Design Lampshades for Solar Lanterns to Help People in Need

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During Panasonic’s Cut Out the Darkness project, visitors to the company’s website can design lampshades for solar lanterns that will be donated to regions without electricity. Photo: Panasonic

During Panasonic’s Cut Out the Darkness project, visitors to the company’s website can design lampshades for solar lanterns that will be donated to regions without electricity. Photo: Panasonic

Want to light up the life of someone who needs it? Now you can. Panasonic’s Cut Out the Darkness project allows visitors to the company’s website to design lampshades that could be sent along with solar lanterns to those who live in areas without access to electricity.

Worldwide, one in five people lives without electricity. Those people face a number of economic and health problems, according to Panasonic, since they can’t perform basic tasks like studying in the evening or receive medical treatment at night. Additionally, many people in these regions use kerosene lamps, which pose fire risks and cause health issues from the smoke.

Panasonic first became involved with this issue through its 100 Thousand Solar Lanterns initiative, which aims to donate 100,000 solar lanterns to those without electricity by 2018, the company’s 100th anniversary. These solar lanterns charge during the day and provide light at night. They also reduce CO2 emissions, according to a company press release. In 2013, Panasonic kicked off the project by donating 8,000 solar lanterns to nonprofits, humanitarian groups and refugee camps in Asia and Africa.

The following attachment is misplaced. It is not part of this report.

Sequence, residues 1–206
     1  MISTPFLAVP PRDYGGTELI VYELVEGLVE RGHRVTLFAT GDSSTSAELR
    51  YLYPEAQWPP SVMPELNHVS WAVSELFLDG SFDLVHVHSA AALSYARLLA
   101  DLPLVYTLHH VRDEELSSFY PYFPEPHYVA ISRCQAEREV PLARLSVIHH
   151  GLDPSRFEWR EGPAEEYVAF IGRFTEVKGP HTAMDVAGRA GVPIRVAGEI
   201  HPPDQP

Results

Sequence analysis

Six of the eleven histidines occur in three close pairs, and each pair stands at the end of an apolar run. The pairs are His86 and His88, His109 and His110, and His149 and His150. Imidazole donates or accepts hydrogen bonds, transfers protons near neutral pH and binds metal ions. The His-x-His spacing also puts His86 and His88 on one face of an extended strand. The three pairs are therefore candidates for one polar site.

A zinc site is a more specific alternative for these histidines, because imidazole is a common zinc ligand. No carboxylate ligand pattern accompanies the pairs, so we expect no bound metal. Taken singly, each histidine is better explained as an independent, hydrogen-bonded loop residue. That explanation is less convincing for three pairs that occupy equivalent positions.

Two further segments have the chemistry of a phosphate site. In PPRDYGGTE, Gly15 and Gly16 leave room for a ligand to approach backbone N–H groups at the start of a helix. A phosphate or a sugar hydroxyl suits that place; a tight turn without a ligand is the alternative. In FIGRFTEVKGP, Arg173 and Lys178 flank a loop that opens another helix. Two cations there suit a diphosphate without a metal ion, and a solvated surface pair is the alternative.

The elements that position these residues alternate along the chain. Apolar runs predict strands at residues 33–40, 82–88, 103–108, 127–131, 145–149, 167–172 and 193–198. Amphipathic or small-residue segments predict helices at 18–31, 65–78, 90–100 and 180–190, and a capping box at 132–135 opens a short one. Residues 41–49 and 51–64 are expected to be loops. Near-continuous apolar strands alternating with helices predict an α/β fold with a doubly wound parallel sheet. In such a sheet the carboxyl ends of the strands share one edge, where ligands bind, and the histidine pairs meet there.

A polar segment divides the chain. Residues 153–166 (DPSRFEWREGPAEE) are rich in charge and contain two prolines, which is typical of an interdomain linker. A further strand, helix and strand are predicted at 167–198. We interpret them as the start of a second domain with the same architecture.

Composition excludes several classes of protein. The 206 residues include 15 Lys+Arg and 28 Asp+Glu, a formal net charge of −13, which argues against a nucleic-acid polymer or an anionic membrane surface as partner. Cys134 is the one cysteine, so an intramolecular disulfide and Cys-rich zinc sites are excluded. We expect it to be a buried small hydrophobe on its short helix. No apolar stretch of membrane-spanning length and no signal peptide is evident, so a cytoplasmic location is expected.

In 2013, Panasonic donated 8,000 solar LED lanterns throughout Asia and Africa. Photo: Panasonic

In 2013, Panasonic donated 8,000 solar LED lanterns throughout Asia and Africa. Photo: Panasonic

Now, to raise awareness about the difficulties faced by residents of regions without electricity and to involve people with the company’s work, Panasonic is asking its website visitors to get creative and design images for lampshades using paper-cut techniques. You don’t necessarily have to be handy with scissors, since the designs are made virtually using a Web application — all folding, drawing and cutting are done with the click of a button.

A Web application allows users to easily make their own cutout designs. Photo: Panasonic

A Web application allows users to easily make their own cutout designs. Photo: Panasonic

In February, people can vote for their favorite designs, and the top 100 will be turned into lampshades and donated with the solar lanterns. Panasonic plans to transport the donated solar lanterns and shades to recipients in March.

Eleven recognized paper-cut artists from around the world have also contributed designs to support the project — check out their work for inspiration.

To participate by creating a design or voting, visit the Cut Out the Darkness project’s home page.

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